The Origin of Moroccan Design Traditions
As an English speaker, researching the origins and history of Moroccan design has been a nightmare. Virtually no one in the English language writes about the culture of Morocco. The subject is treated by picture books, travel guides, and cook books that do more to inspire than inform.
I understand why there is a gap in English language publications on Morocco. Morocco is a complicated society with dense cultural traditions that can only be navigated with the help of personal relationships, emphasis on the personal. Moroccans do business face-to-face, family-to-family. You cannot conduct research in the country by merely requesting interviews or sending inquiries. Even email messages sent to friends in Morocco seem to enter an alternate time zone; responses take days. You have to roll your sleeves up and dive into the mix, bumping shoulders with Moroccans in the souk while dodging donkey droppings, for example, to understand the workings of Moroccan society.
But understanding Morocco is much more complicated than a shopping trip in the medina. Even on a personal level Morocco is extremely diverse. Families in Rabat imagine themselves part of a unified French-speaking nation as they navigate the sedate streets of the nation’s capital. Meanwhile, villagers in remote towns on the Mediterranean rely on Spanish when speaking to the occasional tourist. After all, they are on the edges of Spanish borders on the Moroccan side of the Mediterranean. The weekly farmers’ market collects families scattered throughout the surrounding Rif Moutains, who come down from their hidden homes, women dressed in sombrero-like hats and colorful textiles worn around their waists, walking arm in arm, shopping for goats, grains, and anything yet unseen from the week before. The street is jammed with donkeys, trucks, pedestrians, and carts. Two European-style women driving an American truck through the congested dirt road hardly seem out-of-place; perhaps anything is possible here.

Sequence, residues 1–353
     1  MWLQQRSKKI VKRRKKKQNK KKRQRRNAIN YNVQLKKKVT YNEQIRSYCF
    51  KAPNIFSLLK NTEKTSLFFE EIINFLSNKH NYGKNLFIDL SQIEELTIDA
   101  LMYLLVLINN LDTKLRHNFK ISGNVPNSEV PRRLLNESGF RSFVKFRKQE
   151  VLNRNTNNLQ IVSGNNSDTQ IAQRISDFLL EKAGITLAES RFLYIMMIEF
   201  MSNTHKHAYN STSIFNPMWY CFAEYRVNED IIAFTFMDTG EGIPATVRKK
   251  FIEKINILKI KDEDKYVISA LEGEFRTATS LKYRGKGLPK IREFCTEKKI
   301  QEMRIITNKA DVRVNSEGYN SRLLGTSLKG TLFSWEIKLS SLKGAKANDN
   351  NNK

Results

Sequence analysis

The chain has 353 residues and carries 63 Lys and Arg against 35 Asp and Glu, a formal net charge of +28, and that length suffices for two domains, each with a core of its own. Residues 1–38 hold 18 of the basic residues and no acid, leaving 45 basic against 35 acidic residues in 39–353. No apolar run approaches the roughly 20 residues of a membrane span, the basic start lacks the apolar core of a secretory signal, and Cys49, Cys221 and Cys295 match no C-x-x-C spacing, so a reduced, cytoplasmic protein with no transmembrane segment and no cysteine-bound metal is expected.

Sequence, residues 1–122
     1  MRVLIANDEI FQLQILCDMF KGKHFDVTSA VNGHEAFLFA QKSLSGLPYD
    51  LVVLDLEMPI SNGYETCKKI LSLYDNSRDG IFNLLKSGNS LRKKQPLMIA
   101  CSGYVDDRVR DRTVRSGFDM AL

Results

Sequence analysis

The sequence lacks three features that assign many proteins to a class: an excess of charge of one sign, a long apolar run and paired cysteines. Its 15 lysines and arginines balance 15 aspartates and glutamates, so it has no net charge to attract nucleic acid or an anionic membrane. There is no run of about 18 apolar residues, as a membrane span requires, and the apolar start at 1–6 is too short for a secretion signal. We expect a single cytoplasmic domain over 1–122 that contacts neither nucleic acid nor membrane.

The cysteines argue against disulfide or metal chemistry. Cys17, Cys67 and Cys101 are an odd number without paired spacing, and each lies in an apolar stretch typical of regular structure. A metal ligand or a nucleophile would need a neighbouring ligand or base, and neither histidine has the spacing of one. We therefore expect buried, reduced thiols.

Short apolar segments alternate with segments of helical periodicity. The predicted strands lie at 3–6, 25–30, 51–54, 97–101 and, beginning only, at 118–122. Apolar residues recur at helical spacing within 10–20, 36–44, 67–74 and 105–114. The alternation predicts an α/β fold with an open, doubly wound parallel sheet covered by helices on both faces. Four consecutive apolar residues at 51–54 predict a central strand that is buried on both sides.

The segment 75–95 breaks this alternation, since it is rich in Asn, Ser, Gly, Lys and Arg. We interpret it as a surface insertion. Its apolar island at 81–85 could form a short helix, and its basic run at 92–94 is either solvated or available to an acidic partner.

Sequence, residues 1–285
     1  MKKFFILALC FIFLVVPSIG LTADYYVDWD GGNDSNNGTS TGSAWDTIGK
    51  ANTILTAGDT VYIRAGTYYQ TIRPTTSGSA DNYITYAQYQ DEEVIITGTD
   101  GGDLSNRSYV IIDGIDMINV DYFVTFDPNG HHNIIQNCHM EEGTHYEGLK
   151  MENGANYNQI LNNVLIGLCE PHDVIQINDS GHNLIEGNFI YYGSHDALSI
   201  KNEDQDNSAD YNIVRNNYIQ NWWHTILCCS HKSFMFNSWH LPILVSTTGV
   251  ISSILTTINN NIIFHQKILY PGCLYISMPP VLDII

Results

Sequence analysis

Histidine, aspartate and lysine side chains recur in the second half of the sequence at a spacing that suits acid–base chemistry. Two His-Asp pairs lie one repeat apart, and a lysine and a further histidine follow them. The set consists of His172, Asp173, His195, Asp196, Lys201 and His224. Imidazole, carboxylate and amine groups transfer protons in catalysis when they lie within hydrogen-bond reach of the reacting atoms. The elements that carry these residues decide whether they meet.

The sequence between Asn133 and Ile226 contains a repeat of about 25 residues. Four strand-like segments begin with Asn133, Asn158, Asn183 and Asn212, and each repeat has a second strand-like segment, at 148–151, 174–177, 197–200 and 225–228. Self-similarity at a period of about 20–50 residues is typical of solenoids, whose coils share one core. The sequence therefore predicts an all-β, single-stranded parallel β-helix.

The long history of Morocco is also a challenge to understand. Anything prior to the arrival of the Arabs in the 700’s is largely irretrievable. The country is home to the world’s oldest ruling monarchy, yet for most of its history has shaken free from the grip centralized rule. While Morocco has benefited from the protection of foreign powers, it has rarely suffered under them in the way that is found in most nations. Morocco has a unique and shared cultural understanding of authority and rule. Consequently, they have managed the seeming impossible: a diverse yet solid cultural identity, one that is both incredibly tenuous and tenacious.
Anthropologically, understanding all the influences in play in Morocco is a daunting task. The culture is a mix of African, Phoenician, Roman, Arab, Spanish, Portuguese, and French influences. Each of these influences brought their own influences from China, India, and points south and east, to Morocco. Moroccans, in turn, have modified and incorporated these sub-influences, if you will, into their own styles and myths. So trying to tie-down the origins of any cultural phenomena becomes a dizzying game of chase. Moments of excitement arise. The migration of the game of chess from India to Europe provides insight into early trade routes. The many active Moroccan mystic traditions speak to a harmony forged between authority, astrology, music, and art drawn from the deepest wells of human civilization and understanding. But one chain, one thought always intersects with another. The timeline isn’t a straight one. The outline for the would-be book is a mess. The quest to understand Moroccan design continues.